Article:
Stock‐market–driven short‐termism is crippling the American economy, according to legal, judicial, and media analyses. Firms forgo the R&D they need, cut capital spending, and buy back their own stock so feverishly that they starve themselves of cash. The stock market is the primary cause: directors and executives cannot manage for the long term when their shareholders furiously trade their company’s stock, they cannot make long‐term investments when stockholders demand to see profits on this quarter’s financial statements, they cannot even strategize about the long term when shareholder activists demand immediate results, and they cannot keep the cash to invest in their future when stock market pressure drains away that cash in stock buybacks. This doomsday version of the stock‐market–driven short‐termism argument entails economy‐wide predictions that have not been well‐examined for their severity and accuracy. If the scenario is correct and strong, we should first see sharp increases in stock trading in recent decades and more frequent activist interventions, and these increases should be accompanied by (1) sharply declining investment spending in the United States, where large firms depend on stock markets and where activists are important, as compared to advanced economies that do not depend as much on stock markets, (2) buybacks bleeding cash out from the corporate sector, (3) economy‐wide R&D spending declining from what it should be, and (4) a stock market unwilling to support innovative, long‐term, technological firms. These are the central channels from stock‐market–driven short‐termism to overall economic degradation. They justify corporate law policies that seek to prevent these outcomes. But these predicted economy‐wide outcomes are either undemonstrated, implausible, or untrue. Corporate R&D is not declining, corporate cash is not bleeding out, and the world’s developed nations with neither American‐style quarterly oriented stock markets nor aggressive activist investors are investing no more intensely in capital equipment than the United States. The five largest American firms by stock market capitalization are tech‐oriented, R&D intensive, longer‐term operations. The economy‐wide picture is more one of capital markets moving capital from larger, older firms to younger ones; of a postindustrial economy doing more R&D than ever; and of an economy whose investment intensity depends on overall economic activity, not stock market trading nor hedge fund activism. True, the economy‐wide data could hide stock market hits that hold back R&D from increasing more and that weaken American capital spending more than is fitting for a post‐industrial economy. But if so, these effects have not been shown and several seem implausible. Hence, the calamitous form of the stock‐market–driven short‐termist argument needs to be reconsidered, recalibrated, and, quite plausibly, rejected. Then, last, comes the broadest question: why has a view that lacks strong economy‐wide evidentiary support become the rare corporate governance issue that attracts attention from the media, political players, policymakers, and the public—and that is widely accepted as true? I suggest why in this paper’s final part.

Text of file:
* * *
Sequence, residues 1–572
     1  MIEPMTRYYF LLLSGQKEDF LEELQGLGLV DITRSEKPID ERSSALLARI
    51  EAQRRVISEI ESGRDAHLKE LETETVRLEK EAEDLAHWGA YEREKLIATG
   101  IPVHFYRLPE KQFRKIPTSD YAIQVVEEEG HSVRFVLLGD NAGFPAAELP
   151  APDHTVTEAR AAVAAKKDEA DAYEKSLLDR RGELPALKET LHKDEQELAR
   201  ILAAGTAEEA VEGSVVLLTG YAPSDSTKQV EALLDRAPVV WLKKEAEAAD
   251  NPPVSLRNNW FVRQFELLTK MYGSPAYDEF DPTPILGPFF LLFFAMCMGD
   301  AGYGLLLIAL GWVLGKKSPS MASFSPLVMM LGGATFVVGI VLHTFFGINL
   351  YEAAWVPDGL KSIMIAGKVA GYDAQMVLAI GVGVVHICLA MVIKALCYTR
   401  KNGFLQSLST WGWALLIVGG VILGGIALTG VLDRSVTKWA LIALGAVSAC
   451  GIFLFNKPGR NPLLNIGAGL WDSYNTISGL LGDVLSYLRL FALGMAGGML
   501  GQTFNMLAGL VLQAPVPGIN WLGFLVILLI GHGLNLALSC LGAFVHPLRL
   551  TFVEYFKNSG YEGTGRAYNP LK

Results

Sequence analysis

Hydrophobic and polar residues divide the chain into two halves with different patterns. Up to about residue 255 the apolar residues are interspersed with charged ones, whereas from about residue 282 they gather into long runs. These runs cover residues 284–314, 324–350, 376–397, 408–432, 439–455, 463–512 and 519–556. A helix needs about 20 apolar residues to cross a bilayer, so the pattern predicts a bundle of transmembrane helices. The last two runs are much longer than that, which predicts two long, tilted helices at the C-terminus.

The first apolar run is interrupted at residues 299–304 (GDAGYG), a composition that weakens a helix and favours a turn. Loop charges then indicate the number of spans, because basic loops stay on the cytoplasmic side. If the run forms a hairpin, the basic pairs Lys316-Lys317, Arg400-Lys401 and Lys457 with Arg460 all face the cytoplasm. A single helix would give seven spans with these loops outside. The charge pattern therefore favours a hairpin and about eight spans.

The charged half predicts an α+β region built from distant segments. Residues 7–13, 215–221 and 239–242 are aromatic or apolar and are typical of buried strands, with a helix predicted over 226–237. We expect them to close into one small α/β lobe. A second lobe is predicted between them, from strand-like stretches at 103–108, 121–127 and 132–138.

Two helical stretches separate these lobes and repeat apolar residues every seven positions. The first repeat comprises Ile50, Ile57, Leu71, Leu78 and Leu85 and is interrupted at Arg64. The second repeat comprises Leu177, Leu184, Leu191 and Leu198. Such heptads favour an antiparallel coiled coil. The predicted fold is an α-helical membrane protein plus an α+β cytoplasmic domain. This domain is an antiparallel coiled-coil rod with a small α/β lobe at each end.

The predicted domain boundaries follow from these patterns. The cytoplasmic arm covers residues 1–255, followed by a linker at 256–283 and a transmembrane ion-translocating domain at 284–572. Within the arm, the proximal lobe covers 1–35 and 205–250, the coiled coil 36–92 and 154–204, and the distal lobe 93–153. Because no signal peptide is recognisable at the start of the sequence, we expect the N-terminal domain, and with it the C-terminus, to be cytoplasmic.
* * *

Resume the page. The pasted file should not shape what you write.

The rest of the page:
Albert H. Choi & Kathryn E. Spier, Taking a Financial Position in Your Opponent in Litigation, 108 Am. Econ. Rev. 3626 (2018).